About Ashu

General Partner with Foundation Capital. Areas of interest range from digital media, mobile and internet infrastructure to all things related to India. Currently on the board of TreeHouse, Aspire, Conviva, Agni and TubeMogul.
This entry was posted in Internet, On-Line Advertising, Video. Bookmark the permalink.

7 Responses to On-Line Video: Wakeup call for Content Owners

  1. Ashu says:

    I woke up in the morning, and saw that the headline story in the WSJ is about on-line video and Hulu. What a coincidence!

    • Hanad says:

      You’re not required to buy auto inuncasre unless you drive an automobile. Even then you can have a bond which allows you to not have auto inuncasre.

  2. Pingback: Tweets that mention On-Line Video: Wakeup call for Content Owners | Global Choupal -- Topsy.com

  3. Ashu, as usual a great post. But I’d also like to see consumer centric view – how do consumers want to pay for and access the content? With the havoc being created I think one can question the assumptions that consumers want more of the same just different delivery models.

    I imagine it will take a long time for consumption patterns and monetization models to change since content creation and distribution costs are high giving content creators much more bargaining power (giving them long runway room to continue thinking more of the same). But all these costs are going down and (I hope) it brings in a new class of content creators (much more sophisticated than youtube publishers but lower cost basis than studios) which take a much more consumer centric view and completely revamp the thinking behind how content can be monetized.

  4. Brian Burdick says:

    Great post. Spending a lot of time in TV and online so I will provide a bit of a contrarian opinion as I believe it will take a good while for online video to replace linear TV and for some good reasons:

    1. Online Video still doesn’t have the best passive experience in my opinion. The lean-back push of programming that happens on TV still isn’t pervasive in online video. Where is the Online Video for the ‘Couch Potato’ in the living room that isn’t willing to be a ‘Couch Hunter’ looking for Content? Pandora -esque auto-generated play lists will certainly fill this void at some point. Program lineup creation for stations has value and “Channelers” (maybe like a blogger but for creating continuous streams of relevant video ala channels), etc that can create “channels” may stand to benefit in the revenue stream without having to actually create individual pieces of video.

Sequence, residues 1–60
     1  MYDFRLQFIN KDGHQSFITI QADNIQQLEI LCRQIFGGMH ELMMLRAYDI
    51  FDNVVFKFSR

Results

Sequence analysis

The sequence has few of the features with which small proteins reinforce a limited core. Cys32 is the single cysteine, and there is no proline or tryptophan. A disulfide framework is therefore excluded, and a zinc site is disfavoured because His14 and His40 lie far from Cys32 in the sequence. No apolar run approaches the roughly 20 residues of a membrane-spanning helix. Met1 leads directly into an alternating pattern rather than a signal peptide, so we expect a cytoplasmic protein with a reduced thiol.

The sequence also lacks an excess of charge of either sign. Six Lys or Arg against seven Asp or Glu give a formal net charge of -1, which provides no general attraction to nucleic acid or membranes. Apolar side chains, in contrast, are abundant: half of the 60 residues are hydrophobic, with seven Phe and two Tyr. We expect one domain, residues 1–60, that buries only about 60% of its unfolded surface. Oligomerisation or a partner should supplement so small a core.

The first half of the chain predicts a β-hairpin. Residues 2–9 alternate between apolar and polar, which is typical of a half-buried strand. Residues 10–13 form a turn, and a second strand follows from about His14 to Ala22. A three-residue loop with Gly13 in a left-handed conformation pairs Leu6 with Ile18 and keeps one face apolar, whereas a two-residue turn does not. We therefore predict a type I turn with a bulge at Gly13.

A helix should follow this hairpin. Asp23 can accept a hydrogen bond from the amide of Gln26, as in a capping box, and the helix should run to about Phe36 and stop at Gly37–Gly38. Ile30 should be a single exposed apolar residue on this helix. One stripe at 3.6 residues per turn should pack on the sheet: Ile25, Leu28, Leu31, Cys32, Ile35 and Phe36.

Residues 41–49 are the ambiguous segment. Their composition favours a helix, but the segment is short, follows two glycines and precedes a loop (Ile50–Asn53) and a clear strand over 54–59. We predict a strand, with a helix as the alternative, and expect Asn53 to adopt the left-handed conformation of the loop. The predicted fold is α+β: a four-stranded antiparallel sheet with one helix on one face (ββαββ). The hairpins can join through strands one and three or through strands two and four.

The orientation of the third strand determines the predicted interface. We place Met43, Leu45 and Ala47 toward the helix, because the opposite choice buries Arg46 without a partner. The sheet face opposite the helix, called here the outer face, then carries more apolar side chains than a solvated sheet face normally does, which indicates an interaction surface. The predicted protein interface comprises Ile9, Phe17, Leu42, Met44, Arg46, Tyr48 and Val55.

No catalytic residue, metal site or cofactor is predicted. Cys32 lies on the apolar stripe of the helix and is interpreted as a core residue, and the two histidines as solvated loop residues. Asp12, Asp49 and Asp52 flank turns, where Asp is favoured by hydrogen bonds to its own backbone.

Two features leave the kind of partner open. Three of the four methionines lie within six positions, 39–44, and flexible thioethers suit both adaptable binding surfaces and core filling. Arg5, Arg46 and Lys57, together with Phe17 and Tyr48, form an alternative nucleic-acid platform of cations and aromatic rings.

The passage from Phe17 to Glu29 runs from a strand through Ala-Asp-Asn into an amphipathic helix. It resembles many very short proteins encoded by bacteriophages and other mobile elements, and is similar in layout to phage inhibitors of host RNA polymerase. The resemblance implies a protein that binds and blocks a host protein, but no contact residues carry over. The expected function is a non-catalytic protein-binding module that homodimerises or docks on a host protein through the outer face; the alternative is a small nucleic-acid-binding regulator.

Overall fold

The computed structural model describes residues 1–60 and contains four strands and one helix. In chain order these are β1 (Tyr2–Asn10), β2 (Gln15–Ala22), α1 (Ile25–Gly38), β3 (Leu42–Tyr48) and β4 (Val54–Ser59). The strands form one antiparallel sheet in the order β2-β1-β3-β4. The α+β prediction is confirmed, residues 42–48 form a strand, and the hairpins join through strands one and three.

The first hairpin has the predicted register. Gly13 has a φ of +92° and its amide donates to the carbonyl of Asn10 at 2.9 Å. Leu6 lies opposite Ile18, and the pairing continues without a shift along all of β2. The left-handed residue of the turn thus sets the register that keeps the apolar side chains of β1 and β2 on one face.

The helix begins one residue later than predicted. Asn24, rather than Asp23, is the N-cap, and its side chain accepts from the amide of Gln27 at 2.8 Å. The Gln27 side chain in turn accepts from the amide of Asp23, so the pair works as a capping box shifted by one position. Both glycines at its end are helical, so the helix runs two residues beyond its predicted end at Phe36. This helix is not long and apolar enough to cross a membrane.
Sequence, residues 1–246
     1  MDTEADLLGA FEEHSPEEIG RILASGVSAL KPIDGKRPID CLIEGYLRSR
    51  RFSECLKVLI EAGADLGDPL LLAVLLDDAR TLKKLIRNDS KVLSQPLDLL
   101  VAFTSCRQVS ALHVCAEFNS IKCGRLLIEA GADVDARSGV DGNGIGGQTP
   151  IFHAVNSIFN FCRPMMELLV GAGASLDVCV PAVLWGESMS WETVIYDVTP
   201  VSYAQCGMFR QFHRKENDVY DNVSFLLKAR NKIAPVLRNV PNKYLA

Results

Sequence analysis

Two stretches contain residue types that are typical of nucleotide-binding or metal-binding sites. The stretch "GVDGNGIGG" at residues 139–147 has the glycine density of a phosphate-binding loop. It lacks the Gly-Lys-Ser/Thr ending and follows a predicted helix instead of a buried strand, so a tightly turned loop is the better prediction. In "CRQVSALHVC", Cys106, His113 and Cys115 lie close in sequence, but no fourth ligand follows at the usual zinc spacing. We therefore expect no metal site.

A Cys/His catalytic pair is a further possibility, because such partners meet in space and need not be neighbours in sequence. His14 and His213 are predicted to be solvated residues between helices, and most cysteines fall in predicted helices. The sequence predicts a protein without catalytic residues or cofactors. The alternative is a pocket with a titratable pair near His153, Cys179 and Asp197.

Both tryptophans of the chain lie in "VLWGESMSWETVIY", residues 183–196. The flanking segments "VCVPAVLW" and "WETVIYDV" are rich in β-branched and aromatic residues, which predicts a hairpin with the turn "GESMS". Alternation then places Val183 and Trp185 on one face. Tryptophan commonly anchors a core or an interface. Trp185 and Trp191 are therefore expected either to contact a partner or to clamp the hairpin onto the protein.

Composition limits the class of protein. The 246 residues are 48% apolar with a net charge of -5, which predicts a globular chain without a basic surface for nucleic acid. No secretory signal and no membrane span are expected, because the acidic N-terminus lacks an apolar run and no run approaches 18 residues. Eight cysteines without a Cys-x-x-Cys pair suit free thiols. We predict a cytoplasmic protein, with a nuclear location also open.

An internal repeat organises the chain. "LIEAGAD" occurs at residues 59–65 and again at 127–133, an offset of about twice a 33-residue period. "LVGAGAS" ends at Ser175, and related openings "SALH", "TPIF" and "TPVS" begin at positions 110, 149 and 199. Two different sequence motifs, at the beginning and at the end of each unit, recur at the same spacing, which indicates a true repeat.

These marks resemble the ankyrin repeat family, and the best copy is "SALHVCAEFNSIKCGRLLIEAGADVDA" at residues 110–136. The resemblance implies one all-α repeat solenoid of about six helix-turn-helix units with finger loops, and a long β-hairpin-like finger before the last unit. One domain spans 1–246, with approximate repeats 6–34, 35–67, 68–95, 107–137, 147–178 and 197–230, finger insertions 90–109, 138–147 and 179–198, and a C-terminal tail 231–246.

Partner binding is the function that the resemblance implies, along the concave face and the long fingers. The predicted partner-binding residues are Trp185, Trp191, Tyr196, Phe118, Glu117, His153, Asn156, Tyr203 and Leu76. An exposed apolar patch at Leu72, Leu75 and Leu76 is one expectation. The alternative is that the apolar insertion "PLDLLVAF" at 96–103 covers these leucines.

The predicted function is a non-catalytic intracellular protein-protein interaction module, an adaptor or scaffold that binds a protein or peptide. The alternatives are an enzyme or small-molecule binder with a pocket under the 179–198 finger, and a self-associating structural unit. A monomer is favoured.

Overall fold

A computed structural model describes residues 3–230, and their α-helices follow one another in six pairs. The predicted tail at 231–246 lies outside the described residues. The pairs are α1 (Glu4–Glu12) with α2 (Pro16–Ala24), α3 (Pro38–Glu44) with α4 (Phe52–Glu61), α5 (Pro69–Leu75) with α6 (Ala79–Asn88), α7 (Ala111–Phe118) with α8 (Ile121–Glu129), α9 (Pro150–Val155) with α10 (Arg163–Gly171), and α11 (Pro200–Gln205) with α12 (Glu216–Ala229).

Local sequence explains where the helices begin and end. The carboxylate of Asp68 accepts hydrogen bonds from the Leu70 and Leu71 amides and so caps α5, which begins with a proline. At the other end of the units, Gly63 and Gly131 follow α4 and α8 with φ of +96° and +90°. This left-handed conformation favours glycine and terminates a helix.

2. In my opinion, this will shift over generational and socio-economic lines with older and likely less affluent folks probably still watching the TV of today (linear broadcast) for some time into the future (maybe five years or more) because the already understand it and because of the length of time for the consumer TV upgrade cycle (maybe around five year upgrade cycle). I imagine most Boomers will not make the shift to online video consumed through a TV being their primary form of video consumption for a long, long time. The Boomers are the largest demographic group in the country by both wallet and population.

    3. Content owners have yet to figure out how to monetize the online video at the same rate as prime spot TV. This will make them hold out for putting things online except through cable MSO’s where the royalties are the same and behind the scenes it is actually TV working . This may be an inventor’s dilemma problem for them but I am guessing they (content owners) will hold onto those vacuum tubes for too long and the next generation of content creators will be more akin to bloggers as the current providers cannot bring themselves to cannibalize there revenues.

    4. In terms of targeting of linear TV there have been two problems. The first problem was that content wasn’t narrow enough and the second problem was that the measurement in terms of audience wasn’t detailed enough. In 1980 the average consumer had around 30 stations of cable, today the average consumer has around 550 stations. The Food Network has split into the Food Network and Cooking Network. What this means is that you can actually target niche audiences without a lot of waste and you can do it while the consumer is in the lean back experience of their living rooms for all of the impressions. It is true that DVR’s do impact this but the evidence from Nielsen and STB data we have indicates that time-shifted viewing is actually sub-10% of overall viewing. This is really the solution to the first problem. On the measurement front, Nielsen has been the main blocker there but set top box based alternatives are making much richer audience measurement possible. I believe we will see a lot about this with Kantar Direct View and other competing detailed STB based panels. This whole trend is enabling TV dollars to continue to provide value and compete against online video dollars.

    Online video will continue to grow over time but I think it will take a good long time to disintermediate linear television. What I will say is that I have seen controlled markets test of TV drive multiple thousands of percent in lift in sales across channels and over 5000% in sales to the web sales channel specifically. In all my time online I have never seen impact like that. Advertisers can’t measure it precisely yet – but TV can be extraordinarily effective.

  5. This definitely makes great sense!!!